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Treating anxiety in MI patients.

The article about using the Brief Symptom Inventory to diagnose anxiety in myocardial infarction patients was interesting, but Mohannad Abu Ruz reached conclusions beyond the facts presented ("Brief Questionnaire Identifies MI Patients Needing Anxiety Treatment," Feb. 1, 2006, p. 16).

The low threshold for establishing anxiety included 262 of 536 patients (49%). The patients diagnosed as anxious are shown to have higher complication rates than those of the nonanxious patients, and Mr. Abu Ruz goes on to say that anxiety is an independent risk factor in leading to complications. But then he asserts that the anxious patients should receive diazepam for 3 days (or until discharge from the ICU).

This is a leap beyond the evidence. Perhaps the anxiety leads to complications and benzodiazepines would improve the patient's outcome. But another theory is that the anxiety is a marker of catecholamine surge and complications, and treatment with more [beta]-blockers would improve outcome. Or perhaps by the time the patient is anxious, the organ damage that the anxiety is paralleling has already happened and extra [beta]-blockers are too late.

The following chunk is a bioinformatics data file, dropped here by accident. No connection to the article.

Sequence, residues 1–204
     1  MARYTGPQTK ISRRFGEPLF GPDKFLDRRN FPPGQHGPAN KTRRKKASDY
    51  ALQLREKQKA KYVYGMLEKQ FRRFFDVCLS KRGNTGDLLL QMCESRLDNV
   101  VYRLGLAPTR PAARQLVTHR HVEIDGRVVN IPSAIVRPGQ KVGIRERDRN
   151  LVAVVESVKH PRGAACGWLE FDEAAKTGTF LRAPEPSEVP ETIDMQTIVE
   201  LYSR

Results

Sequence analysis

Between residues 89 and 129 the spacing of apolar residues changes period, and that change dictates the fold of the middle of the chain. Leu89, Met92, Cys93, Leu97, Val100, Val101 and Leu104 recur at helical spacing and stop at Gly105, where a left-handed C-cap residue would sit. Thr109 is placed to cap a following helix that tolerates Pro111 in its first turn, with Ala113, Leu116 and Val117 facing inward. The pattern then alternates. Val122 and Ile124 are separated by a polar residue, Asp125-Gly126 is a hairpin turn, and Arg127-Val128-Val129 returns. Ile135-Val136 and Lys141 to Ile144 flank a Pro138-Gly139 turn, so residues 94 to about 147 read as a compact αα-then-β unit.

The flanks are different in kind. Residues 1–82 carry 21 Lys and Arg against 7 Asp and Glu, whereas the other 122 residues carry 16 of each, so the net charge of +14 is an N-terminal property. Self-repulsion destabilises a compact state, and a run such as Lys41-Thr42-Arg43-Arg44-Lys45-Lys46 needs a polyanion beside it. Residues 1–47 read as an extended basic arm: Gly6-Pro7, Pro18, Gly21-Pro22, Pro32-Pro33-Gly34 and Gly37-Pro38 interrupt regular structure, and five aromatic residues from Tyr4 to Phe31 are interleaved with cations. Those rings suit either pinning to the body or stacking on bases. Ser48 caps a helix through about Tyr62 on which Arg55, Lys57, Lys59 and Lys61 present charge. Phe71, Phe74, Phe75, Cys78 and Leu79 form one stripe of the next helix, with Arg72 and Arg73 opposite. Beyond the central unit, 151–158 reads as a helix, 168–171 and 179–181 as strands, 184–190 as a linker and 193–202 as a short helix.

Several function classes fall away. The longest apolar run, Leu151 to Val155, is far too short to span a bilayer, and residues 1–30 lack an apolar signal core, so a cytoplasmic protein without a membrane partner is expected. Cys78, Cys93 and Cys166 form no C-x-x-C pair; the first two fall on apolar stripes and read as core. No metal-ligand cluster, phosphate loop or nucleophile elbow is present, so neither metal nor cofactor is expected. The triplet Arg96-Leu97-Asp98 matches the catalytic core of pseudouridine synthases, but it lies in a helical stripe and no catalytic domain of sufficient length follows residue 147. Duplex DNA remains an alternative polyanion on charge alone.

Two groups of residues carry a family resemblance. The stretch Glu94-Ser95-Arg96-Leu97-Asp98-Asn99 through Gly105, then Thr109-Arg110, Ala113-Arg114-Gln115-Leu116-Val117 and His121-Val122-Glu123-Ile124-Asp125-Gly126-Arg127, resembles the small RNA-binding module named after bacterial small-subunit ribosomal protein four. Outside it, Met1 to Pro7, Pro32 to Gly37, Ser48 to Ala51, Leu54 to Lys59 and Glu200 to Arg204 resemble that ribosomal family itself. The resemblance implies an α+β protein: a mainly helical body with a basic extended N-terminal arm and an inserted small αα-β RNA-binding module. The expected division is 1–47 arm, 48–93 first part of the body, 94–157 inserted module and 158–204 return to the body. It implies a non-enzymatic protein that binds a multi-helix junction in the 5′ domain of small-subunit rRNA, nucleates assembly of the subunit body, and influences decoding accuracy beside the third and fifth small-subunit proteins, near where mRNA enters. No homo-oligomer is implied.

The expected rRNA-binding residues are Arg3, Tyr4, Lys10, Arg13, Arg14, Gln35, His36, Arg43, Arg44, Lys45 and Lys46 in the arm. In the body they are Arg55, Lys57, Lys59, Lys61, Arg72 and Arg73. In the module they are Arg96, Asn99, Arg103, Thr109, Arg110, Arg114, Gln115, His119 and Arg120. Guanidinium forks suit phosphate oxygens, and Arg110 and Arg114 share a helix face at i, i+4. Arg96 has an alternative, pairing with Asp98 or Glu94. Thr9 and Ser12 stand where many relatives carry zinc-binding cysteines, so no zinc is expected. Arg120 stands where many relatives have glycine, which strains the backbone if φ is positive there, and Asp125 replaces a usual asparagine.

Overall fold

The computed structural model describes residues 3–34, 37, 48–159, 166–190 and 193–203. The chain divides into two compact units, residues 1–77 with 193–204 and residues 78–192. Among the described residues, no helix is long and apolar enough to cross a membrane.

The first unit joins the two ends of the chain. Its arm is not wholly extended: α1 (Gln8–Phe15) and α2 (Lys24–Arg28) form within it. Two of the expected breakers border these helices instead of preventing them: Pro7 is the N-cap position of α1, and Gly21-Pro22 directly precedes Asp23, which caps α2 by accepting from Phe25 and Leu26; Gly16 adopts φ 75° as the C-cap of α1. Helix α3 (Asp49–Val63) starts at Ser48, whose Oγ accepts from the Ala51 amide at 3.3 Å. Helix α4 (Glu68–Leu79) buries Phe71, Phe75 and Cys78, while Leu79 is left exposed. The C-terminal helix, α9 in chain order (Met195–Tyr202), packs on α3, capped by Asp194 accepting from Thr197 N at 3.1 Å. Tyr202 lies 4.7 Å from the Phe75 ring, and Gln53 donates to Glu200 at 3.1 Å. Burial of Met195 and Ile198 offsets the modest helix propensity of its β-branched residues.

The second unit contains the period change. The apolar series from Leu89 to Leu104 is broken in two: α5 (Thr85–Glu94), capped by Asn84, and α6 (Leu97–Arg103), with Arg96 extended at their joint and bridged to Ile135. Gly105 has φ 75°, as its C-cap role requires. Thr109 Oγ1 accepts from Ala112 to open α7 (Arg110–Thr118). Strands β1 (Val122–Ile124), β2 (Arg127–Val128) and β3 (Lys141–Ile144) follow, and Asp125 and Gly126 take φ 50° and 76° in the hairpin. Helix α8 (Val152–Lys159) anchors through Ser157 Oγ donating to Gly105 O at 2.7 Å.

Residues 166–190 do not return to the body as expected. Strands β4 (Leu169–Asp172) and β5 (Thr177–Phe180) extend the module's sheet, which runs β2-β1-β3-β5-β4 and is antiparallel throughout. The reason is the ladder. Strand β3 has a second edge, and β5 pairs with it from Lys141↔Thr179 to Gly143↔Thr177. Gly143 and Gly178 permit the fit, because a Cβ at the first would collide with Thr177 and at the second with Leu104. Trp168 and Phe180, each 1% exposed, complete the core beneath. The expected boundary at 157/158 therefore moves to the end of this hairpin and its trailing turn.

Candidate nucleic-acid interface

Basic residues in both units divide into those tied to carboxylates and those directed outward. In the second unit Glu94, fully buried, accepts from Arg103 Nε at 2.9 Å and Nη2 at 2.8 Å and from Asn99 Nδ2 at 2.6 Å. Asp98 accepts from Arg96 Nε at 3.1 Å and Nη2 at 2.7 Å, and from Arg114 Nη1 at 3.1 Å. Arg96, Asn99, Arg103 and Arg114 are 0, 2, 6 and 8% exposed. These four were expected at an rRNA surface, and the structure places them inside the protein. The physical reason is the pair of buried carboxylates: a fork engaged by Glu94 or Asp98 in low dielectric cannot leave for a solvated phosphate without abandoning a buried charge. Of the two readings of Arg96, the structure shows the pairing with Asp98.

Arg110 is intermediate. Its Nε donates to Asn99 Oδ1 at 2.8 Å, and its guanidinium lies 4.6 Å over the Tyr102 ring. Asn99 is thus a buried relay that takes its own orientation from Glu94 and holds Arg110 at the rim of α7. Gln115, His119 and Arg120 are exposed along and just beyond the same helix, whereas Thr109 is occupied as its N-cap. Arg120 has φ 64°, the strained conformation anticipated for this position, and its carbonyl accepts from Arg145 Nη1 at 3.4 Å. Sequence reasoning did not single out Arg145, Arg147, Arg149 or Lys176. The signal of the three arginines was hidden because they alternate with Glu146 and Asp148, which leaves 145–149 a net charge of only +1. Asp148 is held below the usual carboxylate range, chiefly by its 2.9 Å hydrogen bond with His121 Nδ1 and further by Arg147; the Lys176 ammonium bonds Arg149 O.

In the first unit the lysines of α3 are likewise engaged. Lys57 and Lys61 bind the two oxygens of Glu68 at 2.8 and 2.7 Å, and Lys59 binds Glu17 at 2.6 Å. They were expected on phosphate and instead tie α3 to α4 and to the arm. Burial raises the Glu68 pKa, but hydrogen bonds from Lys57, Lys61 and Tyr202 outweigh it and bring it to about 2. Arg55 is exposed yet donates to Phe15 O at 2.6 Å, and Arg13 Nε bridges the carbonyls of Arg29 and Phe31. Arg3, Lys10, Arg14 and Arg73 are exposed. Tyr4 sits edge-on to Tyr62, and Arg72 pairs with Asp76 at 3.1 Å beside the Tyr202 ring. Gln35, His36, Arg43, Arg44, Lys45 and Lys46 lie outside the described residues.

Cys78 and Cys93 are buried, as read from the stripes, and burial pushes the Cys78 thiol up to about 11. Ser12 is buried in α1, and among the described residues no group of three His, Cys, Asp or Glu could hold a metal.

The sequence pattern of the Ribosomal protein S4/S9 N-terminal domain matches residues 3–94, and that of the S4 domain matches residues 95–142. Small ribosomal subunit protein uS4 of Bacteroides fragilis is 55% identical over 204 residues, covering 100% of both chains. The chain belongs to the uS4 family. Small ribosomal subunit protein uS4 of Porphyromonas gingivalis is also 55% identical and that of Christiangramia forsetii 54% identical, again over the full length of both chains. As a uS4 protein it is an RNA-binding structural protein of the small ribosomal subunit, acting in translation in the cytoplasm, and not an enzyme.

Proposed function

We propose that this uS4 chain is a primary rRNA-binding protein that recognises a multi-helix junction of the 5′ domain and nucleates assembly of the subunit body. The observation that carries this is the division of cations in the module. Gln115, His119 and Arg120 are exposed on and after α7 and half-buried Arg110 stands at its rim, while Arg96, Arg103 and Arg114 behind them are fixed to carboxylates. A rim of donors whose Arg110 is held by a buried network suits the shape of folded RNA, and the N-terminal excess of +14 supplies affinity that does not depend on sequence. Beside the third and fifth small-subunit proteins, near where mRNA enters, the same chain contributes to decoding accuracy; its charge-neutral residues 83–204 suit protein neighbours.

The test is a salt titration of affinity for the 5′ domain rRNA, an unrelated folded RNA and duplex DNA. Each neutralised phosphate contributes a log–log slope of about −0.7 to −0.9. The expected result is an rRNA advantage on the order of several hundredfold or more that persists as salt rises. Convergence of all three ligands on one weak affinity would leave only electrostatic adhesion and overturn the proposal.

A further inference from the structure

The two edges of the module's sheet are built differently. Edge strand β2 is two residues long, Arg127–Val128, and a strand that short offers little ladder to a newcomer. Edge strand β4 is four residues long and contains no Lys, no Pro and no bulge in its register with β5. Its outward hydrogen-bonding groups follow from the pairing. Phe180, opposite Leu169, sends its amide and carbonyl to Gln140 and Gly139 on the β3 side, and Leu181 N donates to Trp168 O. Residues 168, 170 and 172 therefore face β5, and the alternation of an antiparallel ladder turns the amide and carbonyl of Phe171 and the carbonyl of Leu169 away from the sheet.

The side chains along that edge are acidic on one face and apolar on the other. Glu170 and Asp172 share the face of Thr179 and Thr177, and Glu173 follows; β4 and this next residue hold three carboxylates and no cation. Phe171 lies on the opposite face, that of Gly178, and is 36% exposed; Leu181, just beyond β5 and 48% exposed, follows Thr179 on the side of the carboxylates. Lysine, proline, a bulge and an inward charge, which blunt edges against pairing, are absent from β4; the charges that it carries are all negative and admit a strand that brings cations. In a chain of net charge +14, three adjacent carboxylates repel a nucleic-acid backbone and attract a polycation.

Using anxiety as a marker for poor outcomes and trying different added treatments should be done in future research. New treatment recommendations are not yet reasonable.

Rex Moss, M.D.

Oakdale, Conn.

Dr. Moss is on the speakers' bureau for Sanofi-Aventis.

Mr. Abu Ruz could not be reached for a reply.

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Title Annotation:Letters
Author:Moss, Rex
Publication:Family Practice News
Article Type:Letter to the editor
Date:Jul 15, 2006
Words:231
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